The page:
The death of Jesus on the cross defeated death.
The resurrection of Jesus on the third day defeated death.
Death is “the last enemy to be destroyed,” on the day Jesus returns in glory to judge both the living and the dead.
The assigned readings for Series C already dipped into 1 Corinthians 15, and the Craft of Preaching blogs for Epiphany 6 and Epiphany 7 provide a good backdrop for our Easter Day Epistle lesson (if you do not want to repeat any of the verses from February, steal the reading for Easter Sunrise, it is still 1 Corinthians 15, but does not overlap any of the verses).
Paul’s vivid language of death as the last enemy to be put under Jesus’ victorious feet is a strong assurance of the physical, bodily resurrection of Jesus and a powerful promise of the physical, bodily resurrection we look and long for. The Resurrection of Our Lord is certainly the right Sunday to proclaim both the victory of Jesus over death on the third day and the victory of Jesus over death on the Last Day. You might consider adding one more victory to your Easter sermon, however (one not included in this reading, but definitely in your hearers’ theology and recent experience): The victory of Jesus over death on Good Friday.
Now, I have always been one to let Easter be Easter and Good Friday be Good Friday. In other words, I like to preach the actual resurrection of the dead as the Gospel promise on the Sunday of the Resurrection. And I think you should do that, too. But I am beginning to suspect Good Friday can sometimes drown out Easter Sunday in the hearts and ears of our hearers. We have some good, theological reasons for emphasizing the death of Jesus on the cross, but sometimes that emphasis manages to detract from the promise of the resurrection. So, addressing the promise of Good Friday might actually be a way to help your hearers experience the fullness of the Easter promise.
I recently received a concerned response to a devotion I wrote in the When from Death I’m Free hymn journal for Holy Week. The phrase which really bothered the good, Lutheran woman who wrote to me was this: “His [Jesus’] work is not fully finished. His victory is not yet completely complete.” My new friend put those words of mine next to John 19:30 and Jesus’ cry, “It is finished!” In Series C, this is the last verse we read on Good Friday. So, your hearers may also have those words ringing in their ears.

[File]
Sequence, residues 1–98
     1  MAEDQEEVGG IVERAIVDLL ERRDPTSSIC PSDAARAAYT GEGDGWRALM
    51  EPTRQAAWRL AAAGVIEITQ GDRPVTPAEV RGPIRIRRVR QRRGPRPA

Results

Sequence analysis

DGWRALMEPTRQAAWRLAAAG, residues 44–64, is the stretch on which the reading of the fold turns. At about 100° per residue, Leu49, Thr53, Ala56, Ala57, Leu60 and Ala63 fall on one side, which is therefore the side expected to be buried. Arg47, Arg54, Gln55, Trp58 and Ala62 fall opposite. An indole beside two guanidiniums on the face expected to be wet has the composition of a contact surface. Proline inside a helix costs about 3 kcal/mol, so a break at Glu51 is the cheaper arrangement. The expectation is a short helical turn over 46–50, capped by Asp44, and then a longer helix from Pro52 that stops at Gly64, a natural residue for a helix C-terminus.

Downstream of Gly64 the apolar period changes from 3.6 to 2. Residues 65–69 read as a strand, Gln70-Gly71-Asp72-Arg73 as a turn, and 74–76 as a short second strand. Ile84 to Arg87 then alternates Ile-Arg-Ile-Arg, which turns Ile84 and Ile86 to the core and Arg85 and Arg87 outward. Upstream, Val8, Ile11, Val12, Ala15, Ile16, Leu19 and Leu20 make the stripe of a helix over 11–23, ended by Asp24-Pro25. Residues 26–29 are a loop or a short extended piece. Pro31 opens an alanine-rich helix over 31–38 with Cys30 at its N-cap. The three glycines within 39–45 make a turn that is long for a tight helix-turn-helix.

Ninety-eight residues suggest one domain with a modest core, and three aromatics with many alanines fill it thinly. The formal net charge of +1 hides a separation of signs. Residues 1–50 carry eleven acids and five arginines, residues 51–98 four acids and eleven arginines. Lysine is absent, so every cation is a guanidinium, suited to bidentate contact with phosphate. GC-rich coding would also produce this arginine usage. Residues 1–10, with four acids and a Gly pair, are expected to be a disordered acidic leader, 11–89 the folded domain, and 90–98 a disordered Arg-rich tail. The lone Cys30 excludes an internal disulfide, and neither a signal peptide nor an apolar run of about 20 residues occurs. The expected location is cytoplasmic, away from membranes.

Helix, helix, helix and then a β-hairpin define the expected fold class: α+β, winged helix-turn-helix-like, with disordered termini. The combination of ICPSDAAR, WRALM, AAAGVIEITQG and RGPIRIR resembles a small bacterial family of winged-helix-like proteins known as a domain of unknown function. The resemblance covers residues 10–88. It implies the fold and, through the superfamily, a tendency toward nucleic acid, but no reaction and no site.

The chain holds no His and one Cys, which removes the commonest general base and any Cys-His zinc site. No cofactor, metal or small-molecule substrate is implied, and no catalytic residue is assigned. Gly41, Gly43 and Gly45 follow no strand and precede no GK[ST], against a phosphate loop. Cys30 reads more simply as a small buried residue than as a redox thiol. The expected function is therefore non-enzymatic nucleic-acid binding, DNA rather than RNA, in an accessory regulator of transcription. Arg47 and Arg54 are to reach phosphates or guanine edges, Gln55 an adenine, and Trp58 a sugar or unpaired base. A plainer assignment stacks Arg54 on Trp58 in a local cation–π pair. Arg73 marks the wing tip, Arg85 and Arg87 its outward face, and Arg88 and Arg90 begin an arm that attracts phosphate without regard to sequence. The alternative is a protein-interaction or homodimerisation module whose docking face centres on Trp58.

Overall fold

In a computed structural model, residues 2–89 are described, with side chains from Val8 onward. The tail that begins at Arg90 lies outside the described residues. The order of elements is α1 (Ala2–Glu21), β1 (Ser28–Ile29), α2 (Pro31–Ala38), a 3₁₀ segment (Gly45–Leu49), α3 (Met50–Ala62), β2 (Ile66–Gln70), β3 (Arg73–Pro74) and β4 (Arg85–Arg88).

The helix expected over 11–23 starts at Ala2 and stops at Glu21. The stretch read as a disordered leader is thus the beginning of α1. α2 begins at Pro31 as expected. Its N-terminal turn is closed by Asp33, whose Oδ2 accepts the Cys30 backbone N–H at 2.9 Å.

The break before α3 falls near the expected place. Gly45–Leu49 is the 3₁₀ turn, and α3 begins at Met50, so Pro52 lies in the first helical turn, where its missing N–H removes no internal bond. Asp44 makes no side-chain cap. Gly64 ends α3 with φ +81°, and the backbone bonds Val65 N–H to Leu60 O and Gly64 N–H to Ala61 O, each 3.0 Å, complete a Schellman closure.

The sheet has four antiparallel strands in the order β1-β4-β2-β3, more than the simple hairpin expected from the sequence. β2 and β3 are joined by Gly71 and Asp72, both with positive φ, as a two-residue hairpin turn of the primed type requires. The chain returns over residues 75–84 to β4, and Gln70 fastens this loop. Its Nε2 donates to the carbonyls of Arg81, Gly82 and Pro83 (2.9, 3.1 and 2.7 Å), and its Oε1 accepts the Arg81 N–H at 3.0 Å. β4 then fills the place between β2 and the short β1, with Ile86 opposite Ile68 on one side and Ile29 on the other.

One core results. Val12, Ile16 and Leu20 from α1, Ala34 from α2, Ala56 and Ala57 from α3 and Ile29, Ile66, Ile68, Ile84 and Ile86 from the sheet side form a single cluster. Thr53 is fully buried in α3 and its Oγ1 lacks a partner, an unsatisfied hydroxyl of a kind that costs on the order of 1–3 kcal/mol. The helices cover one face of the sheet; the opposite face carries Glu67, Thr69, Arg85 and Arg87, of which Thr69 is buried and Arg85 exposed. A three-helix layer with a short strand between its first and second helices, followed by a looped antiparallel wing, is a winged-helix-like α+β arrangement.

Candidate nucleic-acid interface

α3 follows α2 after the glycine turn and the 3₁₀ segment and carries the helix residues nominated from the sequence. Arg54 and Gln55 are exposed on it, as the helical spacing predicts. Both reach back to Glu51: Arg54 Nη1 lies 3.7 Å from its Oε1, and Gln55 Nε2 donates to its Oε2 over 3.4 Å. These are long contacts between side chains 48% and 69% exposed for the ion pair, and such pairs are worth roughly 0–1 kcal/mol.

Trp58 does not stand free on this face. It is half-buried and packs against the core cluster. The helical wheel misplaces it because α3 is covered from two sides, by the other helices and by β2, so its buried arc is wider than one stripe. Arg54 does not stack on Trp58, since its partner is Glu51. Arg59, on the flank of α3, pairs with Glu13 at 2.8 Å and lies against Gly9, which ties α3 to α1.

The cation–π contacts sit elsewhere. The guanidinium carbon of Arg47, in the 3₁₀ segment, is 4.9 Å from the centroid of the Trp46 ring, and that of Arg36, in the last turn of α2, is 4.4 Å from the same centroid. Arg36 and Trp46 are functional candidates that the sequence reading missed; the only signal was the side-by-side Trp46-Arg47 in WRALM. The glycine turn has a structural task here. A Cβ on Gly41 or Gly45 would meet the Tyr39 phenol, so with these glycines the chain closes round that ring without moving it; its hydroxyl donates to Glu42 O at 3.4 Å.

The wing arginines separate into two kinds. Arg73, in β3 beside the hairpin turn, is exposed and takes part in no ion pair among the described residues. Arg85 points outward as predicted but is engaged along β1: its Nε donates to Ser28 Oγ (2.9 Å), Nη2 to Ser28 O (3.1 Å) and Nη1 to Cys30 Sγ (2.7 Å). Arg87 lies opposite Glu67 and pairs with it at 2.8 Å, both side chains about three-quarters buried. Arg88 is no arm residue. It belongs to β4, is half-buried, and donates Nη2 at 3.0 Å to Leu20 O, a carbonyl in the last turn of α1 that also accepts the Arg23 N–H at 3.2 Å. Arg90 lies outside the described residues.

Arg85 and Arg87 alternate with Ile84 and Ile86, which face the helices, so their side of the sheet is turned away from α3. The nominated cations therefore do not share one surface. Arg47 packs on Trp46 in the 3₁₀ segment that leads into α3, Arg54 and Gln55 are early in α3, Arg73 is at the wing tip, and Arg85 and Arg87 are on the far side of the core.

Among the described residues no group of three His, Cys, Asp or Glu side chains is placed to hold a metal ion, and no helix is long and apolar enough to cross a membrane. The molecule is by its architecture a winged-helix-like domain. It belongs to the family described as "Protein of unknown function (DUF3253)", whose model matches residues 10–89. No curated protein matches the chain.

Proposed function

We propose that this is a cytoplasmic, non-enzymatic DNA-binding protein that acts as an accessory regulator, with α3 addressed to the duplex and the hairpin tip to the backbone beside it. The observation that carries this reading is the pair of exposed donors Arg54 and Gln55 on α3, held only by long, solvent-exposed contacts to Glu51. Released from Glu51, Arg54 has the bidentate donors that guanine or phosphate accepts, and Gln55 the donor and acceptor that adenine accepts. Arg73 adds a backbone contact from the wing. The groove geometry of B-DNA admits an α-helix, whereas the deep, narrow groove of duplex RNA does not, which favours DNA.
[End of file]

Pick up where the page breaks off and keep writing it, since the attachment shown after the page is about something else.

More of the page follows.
If John 19:30 is the context, I would never say Jesus’ work is not finished. When Jesus says, “It is finished!” on the cross, Jesus is done with the role of Suffering Servant. The work of forgiveness won by His blood stands forever in a permanent, completed state. You do not need to (and, in fact, cannot) add to the fulfilled sacrifice of Jesus. You can be confident you are forgiven and take comfort in the fact that you are saved by grace as a free gift, without adding to Jesus’ work on the cross. The sacrifice is complete.
You can be confident you are forgiven and take comfort in the fact that you are saved by grace as a free gift, without adding to Jesus’ work on the cross.
With that sacrificial lens in mind, the author to the Hebrews can even call the death of Jesus a kind of victory: “He [Jesus] too shared in their humanity so that by His death He might destroy him who holds the power of death—that is, the Devil—and free those who all their lives were held in slavery by their fear of death” (Hebrews 2:14-15).
So, if you want to know if the price for your sin has been completely paid, or if the debt you owe to God has been completely done away with, or if your sins are completely forgiven, then turn to John 19:30 and trust Jesus when He says, “It is finished!”
The story is not over, however, when they put Jesus in the tomb. The sacrifice is complete, and Jesus is still active. Of course, Jesus is going to rise again on the third day. The resurrection was not yet complete in John 19:30, but the “IT” in “It is finished” has to do with suffering and sacrifice in a way the resurrection does not. So, in John 19:30, Jesus’ suffering and sacrificial death are complete. In John 20, Jesus rises from the dead. The work of the cross is finished, and Jesus is still at work, for us.
On Easter, we want to elevate the work of Jesus in His resurrection. In fact, Paul can go so far as to say, if you only believe Jesus died for you and not that Jesus rose again for you, you do not actually have the full story: “Now if Christ is proclaimed as raised from the dead, how can some of you say there is no resurrection of the dead? But if there is no resurrection of the dead, then not even Christ has been raised. And if Christ has not been raised, then our preaching is in vain, and your faith is in vain. And if Christ has not been raised, your faith is futile and you are still in your sins” (1 Corinthians 15:12-14, 17; English Standard Version, ESV).